Cologne's Kompakt imprint has been a leader in all things techno since its inception in 1998, so it is only right that a record compiling the work of one of its founding members, Jürgen Paape, be regarded as something special. "Take That," which originally appeared on this year's Total 11 compilation and now again as part of Paape's upcoming retrospective album, Kompilation, is an anthem with one foot placed firmly in the future and the other in the past. The track is dark and heavy, recalling some classic techno aesthetics in its sound and structure, but something seems to also be reaching out to the unknown. Maybe its the lazery rhythmic lines that carry the track along, or the stripped down, minimal bounce that Paape employs; either way, as you listen it becomes clear why taking a look at the work of one of techno's most influential label heads/artists is a worthwhile endeavor. Paape was also known as one of techno's most secretive artists, as he never did any interviews, played any shows, or published any pictures, until now. The image above is Paape's first published photo which, not surprisingly, looks like a German guy who has been making techno for over a decade. Kompilation will be released exclusively from Kompakt on December 17 physically and January 10 digitally.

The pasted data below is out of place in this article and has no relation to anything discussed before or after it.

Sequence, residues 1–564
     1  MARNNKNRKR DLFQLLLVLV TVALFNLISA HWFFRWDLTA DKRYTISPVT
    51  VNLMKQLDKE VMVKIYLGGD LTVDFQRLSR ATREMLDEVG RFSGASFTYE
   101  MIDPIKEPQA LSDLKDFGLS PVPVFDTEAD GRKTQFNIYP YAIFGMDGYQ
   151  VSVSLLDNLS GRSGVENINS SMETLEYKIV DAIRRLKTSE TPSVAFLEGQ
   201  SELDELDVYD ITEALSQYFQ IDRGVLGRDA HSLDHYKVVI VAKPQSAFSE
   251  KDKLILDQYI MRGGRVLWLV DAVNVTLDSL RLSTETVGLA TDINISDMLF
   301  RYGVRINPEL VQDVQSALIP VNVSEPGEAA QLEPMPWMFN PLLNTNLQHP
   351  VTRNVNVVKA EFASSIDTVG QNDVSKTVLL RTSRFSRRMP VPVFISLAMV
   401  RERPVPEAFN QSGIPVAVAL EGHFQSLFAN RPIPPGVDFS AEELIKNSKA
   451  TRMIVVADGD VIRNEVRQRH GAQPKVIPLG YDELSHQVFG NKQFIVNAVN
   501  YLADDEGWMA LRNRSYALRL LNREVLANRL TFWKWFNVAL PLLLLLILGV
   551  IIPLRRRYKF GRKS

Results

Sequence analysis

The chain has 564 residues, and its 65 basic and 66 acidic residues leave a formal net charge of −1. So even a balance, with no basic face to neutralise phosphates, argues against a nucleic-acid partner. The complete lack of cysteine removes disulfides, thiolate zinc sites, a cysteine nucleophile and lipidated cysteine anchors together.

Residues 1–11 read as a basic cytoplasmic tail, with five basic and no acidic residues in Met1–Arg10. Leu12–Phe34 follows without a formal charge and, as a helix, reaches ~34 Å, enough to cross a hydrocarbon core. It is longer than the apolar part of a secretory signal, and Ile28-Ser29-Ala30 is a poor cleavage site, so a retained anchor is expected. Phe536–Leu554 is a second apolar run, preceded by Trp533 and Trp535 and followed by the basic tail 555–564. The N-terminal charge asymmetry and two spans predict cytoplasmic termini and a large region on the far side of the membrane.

For the third release on burgeoning Czech imprint Mean Bucket, Prague-based DJ/producer Tvyks crafted a two-song single, Prague to Berlin, filled with the skittering bounce of UK club rhythms, the airy pads of old-school rave tunes, and the expertly delivered verbiage of UK MC C.Monts. Here, we're given the opportunity to pass on one of those tunes, the solid dancefloor heat of "Mitte Riddim." The song kicks off already in high gear—a shuffling future-house beat follows some introductory blips and clicks, which is quickly joined by a handful of hyped-up synths and lyrical gymnastics. Just about everything thereafter climbs higher into the realms of late-night revelry, though Tvyks still makes way for a somber breakdown around the midpoint before he builds it right back up to the heights where we started. You can check out the whole Prague to Berlin single here.
The latest record to come from the excellent Numbers label is the debut release from London producer Slackk, a three-song jaunt entitled Theme From Slackk. "Crucial Love" isn't one of those next-level, so-called "eski-house" burners, but the track does find the producer in similarly funky territory. While samples from New Edition's "Crucial" tune are toyed with at the core, a slow, booming dance beat carries the funky guitars, buzzing synths, and low-bit electronics that make up the rest of the song's instrumentation. Slackk's "Crucial Love" is probably a bit too slow for anyone's peak-hour playlist, but it's certainly a weird one that'll bring you down in style. You can get more info on Slackk's new EP, not to mention pick up your own copy of the record, here.